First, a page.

Propositions as Programs

The Curry-Howard correspondence says that propositions are types and proofs are programs. I had been wondering if there is a simpler way to think about it, so I came up with this:

Propositions are programs; proofs are “abstract interpretation” of them to True.

Here True is a meta-level truth value. A theorem prover is then an abstract interpreter which tries to evaluate the proposition to True. This computational process which derives True from the proposition is called a judgment.

Here I may have conflated the concept of abstract interpretation. I choose to use this term just because those two words “abstract” and “interpretation” convey the general idea that I hope to capture, but the term abstract interpretation here may not be what you used to think it is. I could have used supercompilation, but I don’t think the word grasps the concept very well.

Anyway, this is a special kind of evaluation. It may be called partial evaluation, supercompilation, or some sort of static analysis, whatever you call it. It can also take human inputs interactively, as long as it is semantic-preserving — it returns True whenever an actual interpreter would return True. But it is a lot more efficient because unlike normal interpreters, it takes shortcuts (induction hypotheses). If the program thus evaluates to True, then the proposition is proved.

This is much like fortune-telling. It quickly tells you the result that an actual interpreter would eventually give you after some time. It has a limited number of basic reduction operations such as unfolding, induction and rewriting, so we can record the reduction sequences as proofs, and we can verify them later on.

This seems to match what we have been doing with proof assistants like Coq. Comparing with Curry-Howard correspondence, this is possibly a more natural way of thinking about theorem proving.

The propositions in Coq are a little far-fetched to be called “types” of the proof terms. For example, we can have a proof term like

fun (n' : nat) (IHn' : n' + 0 = n') => ...

Is n' + 0 = n' the type of IHn'? Well, you have the freedom to call it a type, but this doesn’t feel natural. What we want is just a way to bind an equation to a name, so that we can refer to it later. The semantics of type annotations, for example IHn' : n' + 0 = n' here, happen to make the required binding for us.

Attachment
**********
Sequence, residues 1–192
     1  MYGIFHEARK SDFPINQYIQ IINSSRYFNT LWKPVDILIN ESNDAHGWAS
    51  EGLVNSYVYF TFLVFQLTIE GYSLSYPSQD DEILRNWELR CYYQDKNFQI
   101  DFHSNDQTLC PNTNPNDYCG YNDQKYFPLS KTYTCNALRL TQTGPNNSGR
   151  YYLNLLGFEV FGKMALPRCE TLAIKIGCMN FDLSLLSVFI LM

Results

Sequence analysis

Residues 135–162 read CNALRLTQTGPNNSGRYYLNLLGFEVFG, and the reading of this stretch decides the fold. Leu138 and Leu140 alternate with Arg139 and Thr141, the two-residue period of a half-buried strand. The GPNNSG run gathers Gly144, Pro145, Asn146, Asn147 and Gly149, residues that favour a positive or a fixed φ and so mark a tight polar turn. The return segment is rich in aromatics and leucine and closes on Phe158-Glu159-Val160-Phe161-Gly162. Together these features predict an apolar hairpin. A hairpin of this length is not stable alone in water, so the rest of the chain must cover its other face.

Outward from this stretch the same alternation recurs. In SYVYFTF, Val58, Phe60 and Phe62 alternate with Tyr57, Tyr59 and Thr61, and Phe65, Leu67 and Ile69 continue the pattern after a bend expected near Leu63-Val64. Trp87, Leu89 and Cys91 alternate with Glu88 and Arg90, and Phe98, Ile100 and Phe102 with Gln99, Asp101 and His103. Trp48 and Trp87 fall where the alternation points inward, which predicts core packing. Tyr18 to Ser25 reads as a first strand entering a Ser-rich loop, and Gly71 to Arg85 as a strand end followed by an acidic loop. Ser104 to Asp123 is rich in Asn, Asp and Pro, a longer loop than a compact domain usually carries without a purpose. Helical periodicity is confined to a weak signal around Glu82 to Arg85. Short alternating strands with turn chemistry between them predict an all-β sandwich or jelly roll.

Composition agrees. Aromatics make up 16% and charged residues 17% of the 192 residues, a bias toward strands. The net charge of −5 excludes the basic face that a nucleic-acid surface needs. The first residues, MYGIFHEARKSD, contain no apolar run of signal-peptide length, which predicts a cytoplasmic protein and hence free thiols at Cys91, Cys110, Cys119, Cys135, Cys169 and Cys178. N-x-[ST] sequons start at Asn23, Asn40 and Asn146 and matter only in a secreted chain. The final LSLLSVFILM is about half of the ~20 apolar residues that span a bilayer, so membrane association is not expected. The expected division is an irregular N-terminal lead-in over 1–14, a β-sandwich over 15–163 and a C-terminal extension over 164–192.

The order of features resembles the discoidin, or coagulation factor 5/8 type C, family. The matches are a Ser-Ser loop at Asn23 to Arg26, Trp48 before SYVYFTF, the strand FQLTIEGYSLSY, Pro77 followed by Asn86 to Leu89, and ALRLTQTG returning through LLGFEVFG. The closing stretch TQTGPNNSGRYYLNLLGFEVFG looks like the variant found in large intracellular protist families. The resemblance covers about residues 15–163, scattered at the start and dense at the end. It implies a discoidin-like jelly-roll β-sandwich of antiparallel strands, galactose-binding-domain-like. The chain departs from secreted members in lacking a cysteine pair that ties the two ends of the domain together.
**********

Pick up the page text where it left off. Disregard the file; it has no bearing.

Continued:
It feels better if we just think of propositions as programs with boolean return types, and think of the proof terms reduction sequences of them into True. If you take a look at the proof terms of Coq, you may find that this is the case. For example, take a look at this simple theorem and the tactics that prove it:

Theorem plus_0_r : forall n : nat, n + 0 = n.
  intros n. induction n as [| n'].
  simpl. rewrite -> IHn'. reflexivity.  Qed.

They produce the following proof term:

plus_0_r = 
fun n : nat =>
nat_ind (fun n0 : nat => n0 + 0 = n0) eq_refl
  (fun (n' : nat) (IHn' : n' + 0 = n') =>
   eq_ind_r (fun n0 : nat => S n0 = S n') eq_refl IHn') n
     : forall n : nat, n + 0 = n

You may think of this proof term as a program with the theorem as its type, but you can also think of it as a reduction sequence of the program n + 0 = n to True, where n is a natural number. It is saying: “Do an induction where the first branch executes an equivalence judgment, and the other branch does an unfolding, a rewriting using the induction hypothesis, and an equivalence judgment.” I think this way of thinking is much more natural.

This interpretation can also explain the operation of Boyer-Moore style theorem provers (ACL2), as this is almost exactly how they work.

You may have noticed that we have an important difference from the original Curry-Howard correspondence here:

Proofs are no longer considered programs.

At least proofs are not object-level programs. They are just reduction sequences in the abstract interpreter, which are at the meta-level. We can give this reduction sequence to an independent verifier so that it can replay the abstract interpretation and verify the correctness of the proof.

Alternatively, if you consider the verifier as an interpreter, then proofs are its input programs. In this sense, you can also say that proofs are programs for the proof verifier, and both propositions and proofs can be considered programs. But they are programs at two different semantic levels: the proofs are at a higher level than the propositions. This is quite different from Curry-Howard correspondence.

Thus, we have arrived at a unified way of thinking about two very different styles of theorem proving: Curry-Howard correspondence (as in Coq), and Boyer-Moore (as in ACL2).


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